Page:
Before 17 dpc no label significantly greater than the background level was found over blastocyst or uterine epithelial cells. The apposition between the two tissues was not preserved and sections of each were cut separately at this early stage. No BNC were identified in 15- or 16-day foetal trophectoderm, probably because the sections did not happen to pass through the small fraction of the trophectodermal epithelium originally apposed to the uterine epithelium over the placentomes, where the BNC are concentrated at this time (Wooding, 1984). No indications of gold localization around the lipid droplets or the crystal-containing bodies (Fig. 1) frequent in the trophectoderm were observed. In the 17, 19 and 24dpc trophectoderm apposition with the uterine epithelial cells was preserved and all of the BNC identified (at least 10 from each animal) had an equivalent level of label on their granules (Figs 2, 5) and over their Golgi bodies (Fig. 3, Table 1). The label over nuclei, mitochondria and cytoplasm (which included lipid droplets and crystal bodies (Fig. 1)) was consistently at background level. No label was seen in the uterine epithelial cells at 17 dpc. At 19 dpc one trinucleate cell (TNC) was found in this previously uniformly uninucleate epithelium (Fig. 6). This TNC contained granules identical morphologically to those found in the trophectodermal binucleate cells, with the same level of gold labelling (Fig. 7). There was no other detectable localization of label in these cells. At 24 dpc the uterine epithelium was replaced by a syncytial layer containing an irregular scattering of granules at its interface with the maternal connective tissue. These granules were also morphologically identical to those in the trophectoderm binucleate cells and labelled with gold to the same degree (Fig. 8). No other cytoplasmic inclusion in the syncytium showed significant label.
In the 17, 19 and 24dpc material apposition between trophectoderm and uterine epithelium survived fixation and manipulation so that BNC in trophectoderm apposed to a caruncle could be distinguished from those apposed to intercaruncular areas. Intercaruncular BNC were labelled at the same level in the same granules and Golgi as the caruncular BNC.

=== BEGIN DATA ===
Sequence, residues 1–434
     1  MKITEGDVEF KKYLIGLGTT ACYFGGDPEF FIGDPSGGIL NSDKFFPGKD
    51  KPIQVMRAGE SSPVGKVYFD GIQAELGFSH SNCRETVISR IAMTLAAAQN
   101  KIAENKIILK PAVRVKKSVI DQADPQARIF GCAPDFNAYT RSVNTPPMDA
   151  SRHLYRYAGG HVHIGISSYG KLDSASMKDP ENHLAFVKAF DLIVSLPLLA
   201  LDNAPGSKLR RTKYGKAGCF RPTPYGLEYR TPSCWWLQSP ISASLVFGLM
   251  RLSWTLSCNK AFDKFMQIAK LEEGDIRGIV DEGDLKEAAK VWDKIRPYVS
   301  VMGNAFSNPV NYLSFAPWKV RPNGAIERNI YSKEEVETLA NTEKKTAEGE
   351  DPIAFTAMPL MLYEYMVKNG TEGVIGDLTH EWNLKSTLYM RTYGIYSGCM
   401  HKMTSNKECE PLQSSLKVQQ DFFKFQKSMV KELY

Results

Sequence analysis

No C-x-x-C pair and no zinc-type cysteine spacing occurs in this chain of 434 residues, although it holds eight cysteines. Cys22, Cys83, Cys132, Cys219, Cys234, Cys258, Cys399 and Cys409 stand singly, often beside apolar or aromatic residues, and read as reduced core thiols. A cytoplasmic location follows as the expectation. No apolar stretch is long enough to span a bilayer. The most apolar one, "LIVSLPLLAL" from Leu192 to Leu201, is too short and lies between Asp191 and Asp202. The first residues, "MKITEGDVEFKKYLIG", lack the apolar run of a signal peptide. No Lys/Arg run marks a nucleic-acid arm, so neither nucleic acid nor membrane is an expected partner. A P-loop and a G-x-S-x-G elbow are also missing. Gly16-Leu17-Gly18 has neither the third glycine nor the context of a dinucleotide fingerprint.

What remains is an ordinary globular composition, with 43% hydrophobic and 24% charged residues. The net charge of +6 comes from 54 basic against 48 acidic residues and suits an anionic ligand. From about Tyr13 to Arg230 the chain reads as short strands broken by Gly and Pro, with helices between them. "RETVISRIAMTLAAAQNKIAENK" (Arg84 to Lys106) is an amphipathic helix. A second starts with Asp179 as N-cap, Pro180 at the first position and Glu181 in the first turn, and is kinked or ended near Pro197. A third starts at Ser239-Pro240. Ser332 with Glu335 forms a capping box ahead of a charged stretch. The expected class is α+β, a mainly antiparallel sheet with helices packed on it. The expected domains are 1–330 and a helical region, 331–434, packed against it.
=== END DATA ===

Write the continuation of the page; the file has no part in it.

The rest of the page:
No localization of SBU-3 was detected on maternal or foetal tissue before 28 dpc. At 28 dpc there was no label in the granules of the syncytium which had replaced the uterine epithelium. In the trophectoderm three groups of BNC could be distinguished by the degree of labelling of their granules (Table 2). The first and by far the largest group showed no label on their well defined population of granules; the second a consistent low label (Fig. 10); and the third group a uniformly high label (Fig. 11), about four times that seen on the low label granules. The high label was at the same level as that found after use of anti-oPL. If the BNC granules were labelled, so too was the Golgi body (Fig. 9). A heavily labelled Golgi body may be present in BNCs with low (Fig. 9) or high granule label ; high-level granule labelling with low-level Golgi bodv label was not observed. Of the seventy five BNC identified, 45 showed granules, 39 of these were without label, 3 with low and 3 with high label. At 35 dpc all granules in all of the caruncular trophectodermal BNC had a high level of label, the granules being the only organelle in the syncytium to show label and this was at the standard high level. No SBU-3 labelling was found over trophectodermal intercaruncular BNC or uninucleate cells at any stage.